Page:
Value of a good night’s sleep

I tossed and turned all night unable to fall asleep. First, it was too hot, then too cold. Never finding the just right for a solid slumber. My mind raced heavy with worries and woes. Or maybe it was all the sweet tea I drank earlier in the day. At sunrise, I’ll be faced with much to do, do, do and a laundry list of obligations. How will I manage fresh eyes and mental focus without adequate rest? I’ve lost my way to the land of nod unable to sleep tight.

Sleep tight is my favorite bedtime story. American Colonial bedroom furniture had the traditional wooden frame with a head board, foot board, and side rails. However, box springs had yet to be designed. The bed needed a sturdy flat surface to support the mattress. Prior to the box spring, the bed frame used rope running side to side thread through each side rail in a crisscross pattern. The mattress, filled with feathers, straw, leaves, or corn husks (and often bugs), laid on top of the rope pattern. The ropes had a tendency to sag, stretch, or loosen from body weight and movements. Periodically, the rope would need to be retightened for a comfortable surface and a flat mattress; thus the expression sleep tight.

A good night’s sleep is not a luxury, but crucial to our physical and mental well-being. We have a responsibility to care for our bodies. We have a basic human need to stop and rest. Sleep deprivation effects metabolism, memory, circulation, the nervous system, and immune function. Regular lack of sleep impacts our long term health in the forms of diabetes, high-blood pressure, heart disease, depression, and a shorter life span. Life can be overwhelming and weariness becomes hefty. Rest is an invitation to rejuvenate the mind, body, and soul. Lay down your burdens to get a full night of quality sleep. Sleep is necessary for the body to repair itself, reduce stress, and prevent cancer. Sleep is also vital for better concentration, enhanced creativity, weight control, memory improvement, and sound decision-making. Cease from labor to refresh and regroup.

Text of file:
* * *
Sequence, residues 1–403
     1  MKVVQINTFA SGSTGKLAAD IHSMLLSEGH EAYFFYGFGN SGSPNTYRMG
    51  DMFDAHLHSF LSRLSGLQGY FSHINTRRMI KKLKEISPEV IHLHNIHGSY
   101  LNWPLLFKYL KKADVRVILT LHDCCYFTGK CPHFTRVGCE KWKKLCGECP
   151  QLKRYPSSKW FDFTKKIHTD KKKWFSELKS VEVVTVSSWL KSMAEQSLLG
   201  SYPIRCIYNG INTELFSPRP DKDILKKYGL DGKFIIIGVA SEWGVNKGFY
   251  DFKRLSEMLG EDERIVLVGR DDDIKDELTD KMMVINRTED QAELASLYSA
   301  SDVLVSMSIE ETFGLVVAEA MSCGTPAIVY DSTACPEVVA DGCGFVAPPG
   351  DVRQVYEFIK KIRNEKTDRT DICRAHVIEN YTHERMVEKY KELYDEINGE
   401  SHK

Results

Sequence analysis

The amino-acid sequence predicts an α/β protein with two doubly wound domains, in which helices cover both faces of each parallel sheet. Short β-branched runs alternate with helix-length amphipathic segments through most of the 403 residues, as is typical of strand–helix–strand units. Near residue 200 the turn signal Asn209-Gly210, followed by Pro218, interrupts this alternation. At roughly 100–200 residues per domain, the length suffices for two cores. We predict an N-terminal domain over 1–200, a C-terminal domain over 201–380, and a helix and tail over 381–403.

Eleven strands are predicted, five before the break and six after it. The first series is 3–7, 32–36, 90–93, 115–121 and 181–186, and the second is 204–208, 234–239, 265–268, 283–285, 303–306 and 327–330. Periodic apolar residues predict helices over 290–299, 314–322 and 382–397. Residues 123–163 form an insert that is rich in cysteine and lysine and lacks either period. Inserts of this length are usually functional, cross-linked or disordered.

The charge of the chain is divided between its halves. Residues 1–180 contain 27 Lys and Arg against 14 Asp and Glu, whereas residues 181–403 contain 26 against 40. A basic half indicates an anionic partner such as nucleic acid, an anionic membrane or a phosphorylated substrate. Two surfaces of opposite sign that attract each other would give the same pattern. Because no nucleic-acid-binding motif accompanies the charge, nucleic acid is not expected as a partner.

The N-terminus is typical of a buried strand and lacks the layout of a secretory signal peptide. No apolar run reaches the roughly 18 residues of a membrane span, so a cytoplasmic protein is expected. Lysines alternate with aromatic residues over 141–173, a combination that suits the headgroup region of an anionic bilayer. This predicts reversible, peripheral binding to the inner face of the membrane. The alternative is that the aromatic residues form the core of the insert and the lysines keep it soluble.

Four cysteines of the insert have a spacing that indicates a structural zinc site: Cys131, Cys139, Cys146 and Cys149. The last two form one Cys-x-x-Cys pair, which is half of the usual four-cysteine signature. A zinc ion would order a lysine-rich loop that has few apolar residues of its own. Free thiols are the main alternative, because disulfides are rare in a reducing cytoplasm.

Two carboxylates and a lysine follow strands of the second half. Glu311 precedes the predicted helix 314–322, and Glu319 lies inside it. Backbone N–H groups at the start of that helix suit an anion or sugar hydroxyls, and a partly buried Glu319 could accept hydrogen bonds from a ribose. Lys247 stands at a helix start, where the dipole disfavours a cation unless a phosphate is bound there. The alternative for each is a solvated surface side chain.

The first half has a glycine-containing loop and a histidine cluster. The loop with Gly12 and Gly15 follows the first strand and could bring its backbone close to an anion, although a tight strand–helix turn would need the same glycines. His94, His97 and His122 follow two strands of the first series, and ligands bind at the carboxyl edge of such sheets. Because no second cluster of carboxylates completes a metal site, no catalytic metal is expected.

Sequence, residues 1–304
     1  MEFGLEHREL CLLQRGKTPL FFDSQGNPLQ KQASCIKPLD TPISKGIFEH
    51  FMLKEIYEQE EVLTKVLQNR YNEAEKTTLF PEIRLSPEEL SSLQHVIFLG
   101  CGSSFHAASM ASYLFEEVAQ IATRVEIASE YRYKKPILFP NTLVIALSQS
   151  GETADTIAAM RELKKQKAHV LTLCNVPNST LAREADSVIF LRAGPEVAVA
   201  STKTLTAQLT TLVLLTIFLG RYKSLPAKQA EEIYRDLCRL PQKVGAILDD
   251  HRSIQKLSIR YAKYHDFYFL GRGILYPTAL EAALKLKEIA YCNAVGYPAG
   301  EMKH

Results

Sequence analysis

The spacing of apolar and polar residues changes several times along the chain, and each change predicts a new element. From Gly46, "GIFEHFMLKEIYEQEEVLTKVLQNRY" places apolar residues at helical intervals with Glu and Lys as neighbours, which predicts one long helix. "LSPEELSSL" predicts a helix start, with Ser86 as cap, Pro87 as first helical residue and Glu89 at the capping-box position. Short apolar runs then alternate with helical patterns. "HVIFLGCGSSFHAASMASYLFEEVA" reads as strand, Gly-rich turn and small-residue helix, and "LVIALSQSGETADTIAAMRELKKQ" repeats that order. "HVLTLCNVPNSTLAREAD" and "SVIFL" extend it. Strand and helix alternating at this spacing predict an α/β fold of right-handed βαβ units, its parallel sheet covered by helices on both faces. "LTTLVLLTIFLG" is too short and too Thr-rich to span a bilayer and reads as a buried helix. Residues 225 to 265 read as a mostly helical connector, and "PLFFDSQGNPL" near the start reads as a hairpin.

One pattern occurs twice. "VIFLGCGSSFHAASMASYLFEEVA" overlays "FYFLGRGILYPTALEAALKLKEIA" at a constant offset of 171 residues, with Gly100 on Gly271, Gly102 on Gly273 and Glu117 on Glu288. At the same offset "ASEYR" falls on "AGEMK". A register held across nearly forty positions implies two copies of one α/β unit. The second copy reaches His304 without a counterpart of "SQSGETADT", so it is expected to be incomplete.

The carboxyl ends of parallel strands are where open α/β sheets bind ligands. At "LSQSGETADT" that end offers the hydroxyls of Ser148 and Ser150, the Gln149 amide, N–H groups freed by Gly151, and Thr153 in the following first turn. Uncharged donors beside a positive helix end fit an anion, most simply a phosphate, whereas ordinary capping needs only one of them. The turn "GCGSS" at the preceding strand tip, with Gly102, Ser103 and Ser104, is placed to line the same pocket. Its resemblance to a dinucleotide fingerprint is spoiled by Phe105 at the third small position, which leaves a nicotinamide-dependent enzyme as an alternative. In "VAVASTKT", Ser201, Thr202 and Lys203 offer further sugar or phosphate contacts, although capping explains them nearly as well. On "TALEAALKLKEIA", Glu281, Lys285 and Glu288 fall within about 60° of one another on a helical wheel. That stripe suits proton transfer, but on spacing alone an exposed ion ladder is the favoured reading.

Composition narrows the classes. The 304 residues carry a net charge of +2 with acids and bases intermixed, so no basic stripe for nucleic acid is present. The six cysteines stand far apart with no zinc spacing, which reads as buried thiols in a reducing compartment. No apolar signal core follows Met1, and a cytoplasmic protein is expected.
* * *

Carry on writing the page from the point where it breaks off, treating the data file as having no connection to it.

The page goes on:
My night time routine no longer requires a tightened rope, but the practice of preparing for a restful evening serves a purpose. Sleep tight, tightly, soundly for a little sleep, a little slumber; a little folding of the hands to rest is essential to tackle each day healthy and victorious because everything looks better in the morning.

The numbers on my clock began to look blurry. I drifted off to half-awake half asleep where thoughts become dreams. Behind my closed eyes is an antique rope bed, a brown tweed blanket tucked down beneath the clean white pillow. A drowsy seduction unfolds. My to-do list no longer stomping around in my brain screaming each and every task I have yet to finish. Tomorrow is another day. My shoulders light and relaxed as I sink deeper under the covers of peace and quiet. Tomorrow is another day. Tonight I sleep tight.


Stephanie Yates is a pipeline wife and community volunteer who resides in the Mid-Ohio Valley.